Annual Report: 2021

Friends, colleagues, and patrons, it’s time for my Annual Report. You’re all so kind as to support my work each year with donations and with spreading the word, and I try to be transparent with you about what exactly you’re supporting.

This year it felt like I had a lot less time to devote to side projects and tutorials. Maybe that’s just my perception, and it’s not actually true — it’s been a confusing year for many of us. But in whatever quantity I was able to, I’m glad to have been able to give back to the community that has taught me so much, and to repay your faith in me. With your support in 2021 I was able to (in no particular order):

Organize a mapping exhibit at the Overture Center, here in Madison. My colleague Tanya Andersen and I assembled a group of maps to help show the people of our area just how much cartography is connected back to our community. This is actually something that’s been in the works for a couple of years now, and we’re so pleased that we could finally make it happen. It’s up through January 16th if you happen to be in Madison.

Organize a special NACIS Map Gallery exhibit in Oklahoma City, Map Where your Heart is. It was great to see people share maps of places dear to them!

Answer a lot of questions via email, Twitter DMs, YouTube comments, Slack, etc. I spend a lot of my pro bono time out of the public eye. People write to me each year asking for software help (especially Blender), career advice, interviews for school projects, etc. I try to take the time to write back to everyone. It’s not really something I’d considered, when writing tutorials: the more resources you put out there, the more of these kinds of interactions they generate. I’m happy to help, and will try to keep up as long as the the volume remains manageable.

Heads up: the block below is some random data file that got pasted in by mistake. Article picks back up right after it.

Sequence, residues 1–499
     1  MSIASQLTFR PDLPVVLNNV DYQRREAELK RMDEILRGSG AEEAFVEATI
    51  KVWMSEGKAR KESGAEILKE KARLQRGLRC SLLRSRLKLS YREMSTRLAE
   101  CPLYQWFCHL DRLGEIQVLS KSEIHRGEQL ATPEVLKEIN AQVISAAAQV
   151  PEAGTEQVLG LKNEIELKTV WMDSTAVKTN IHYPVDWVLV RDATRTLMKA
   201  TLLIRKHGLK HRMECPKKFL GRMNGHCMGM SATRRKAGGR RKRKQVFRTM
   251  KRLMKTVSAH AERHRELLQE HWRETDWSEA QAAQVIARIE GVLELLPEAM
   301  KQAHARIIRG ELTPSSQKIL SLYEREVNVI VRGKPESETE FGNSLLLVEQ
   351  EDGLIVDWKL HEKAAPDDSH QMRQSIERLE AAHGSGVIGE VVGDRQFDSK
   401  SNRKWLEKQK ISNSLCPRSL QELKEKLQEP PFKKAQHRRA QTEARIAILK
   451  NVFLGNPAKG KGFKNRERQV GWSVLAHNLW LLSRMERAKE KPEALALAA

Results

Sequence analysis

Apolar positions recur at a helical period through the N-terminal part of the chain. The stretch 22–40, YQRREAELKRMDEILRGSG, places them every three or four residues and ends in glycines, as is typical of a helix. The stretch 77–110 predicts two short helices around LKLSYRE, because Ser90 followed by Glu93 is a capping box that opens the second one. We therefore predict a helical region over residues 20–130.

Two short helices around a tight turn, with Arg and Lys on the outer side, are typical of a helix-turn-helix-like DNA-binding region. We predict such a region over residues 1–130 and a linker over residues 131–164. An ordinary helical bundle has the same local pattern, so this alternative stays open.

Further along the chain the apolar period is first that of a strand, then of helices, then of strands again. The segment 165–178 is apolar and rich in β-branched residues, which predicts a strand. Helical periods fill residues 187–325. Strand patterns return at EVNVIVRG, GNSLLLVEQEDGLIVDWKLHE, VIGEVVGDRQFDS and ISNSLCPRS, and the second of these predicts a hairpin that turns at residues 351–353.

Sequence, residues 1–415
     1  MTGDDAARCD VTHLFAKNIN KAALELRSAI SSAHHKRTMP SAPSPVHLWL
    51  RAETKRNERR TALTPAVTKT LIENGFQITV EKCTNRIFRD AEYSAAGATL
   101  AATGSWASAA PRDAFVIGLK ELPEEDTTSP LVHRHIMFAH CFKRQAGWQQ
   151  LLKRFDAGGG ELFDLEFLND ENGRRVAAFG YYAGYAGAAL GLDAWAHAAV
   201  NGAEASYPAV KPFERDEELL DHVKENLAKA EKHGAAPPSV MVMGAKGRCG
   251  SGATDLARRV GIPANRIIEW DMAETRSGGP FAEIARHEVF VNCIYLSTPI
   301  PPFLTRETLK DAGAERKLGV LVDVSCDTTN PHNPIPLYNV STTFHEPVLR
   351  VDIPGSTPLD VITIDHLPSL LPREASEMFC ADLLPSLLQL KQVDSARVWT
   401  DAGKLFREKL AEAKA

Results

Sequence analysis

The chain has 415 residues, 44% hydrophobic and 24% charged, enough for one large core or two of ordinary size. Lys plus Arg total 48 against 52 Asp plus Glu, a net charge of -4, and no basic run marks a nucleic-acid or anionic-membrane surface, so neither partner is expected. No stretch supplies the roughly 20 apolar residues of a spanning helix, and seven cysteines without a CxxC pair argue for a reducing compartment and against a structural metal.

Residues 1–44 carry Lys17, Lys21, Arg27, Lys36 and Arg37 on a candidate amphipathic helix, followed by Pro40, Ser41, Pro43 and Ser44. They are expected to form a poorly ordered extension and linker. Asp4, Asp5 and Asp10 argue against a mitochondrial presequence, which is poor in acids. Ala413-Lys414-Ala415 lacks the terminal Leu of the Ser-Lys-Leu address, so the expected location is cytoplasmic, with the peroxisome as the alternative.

Volunteer to teach a class at UW. Tanya Andersen and I teamed up to run an independent study class at the University of Wisconsin. We met weekly (remotely) with our three students, advising them as they developed projects and carried them through to completion. This is some of my favorite work — being able to show people, hands-on (virtually) how to accomplish practical cartographic steps, and then watching them make great things with those tools.

Continue my “Live Carto” series from 2019–20, with four new broadcasts. It’s been fun to be able to work on a project and have people there alongside me to keep me company, especially during this pandemic isolation. I’ve appreciated being able to meet people from all over the world, and to be able to share knowledge with them in this format. I’ll continue doing this on occasion in the coming year!

Keep my tutorials updated. As software changes, often these resources need updating to stay useful (it can be frustrating and confusing to read through a tutorial that doesn’t quite match what you’re seeing on screen). I recently upgraded by Blender tutorial with new screenshots and workflow adjustments in response to that program being updated.

Create new tutorial content. Besides keeping old things updated, I also want to keep making new things that help people. This year I put out a tutorial on background blurring, and one on making semi-randomized dot patterns.

Create non-tutorial musings. That background blurring tutorial pushed me to consider some larger concepts that ended up as both their own blog post and a NACIS presentation.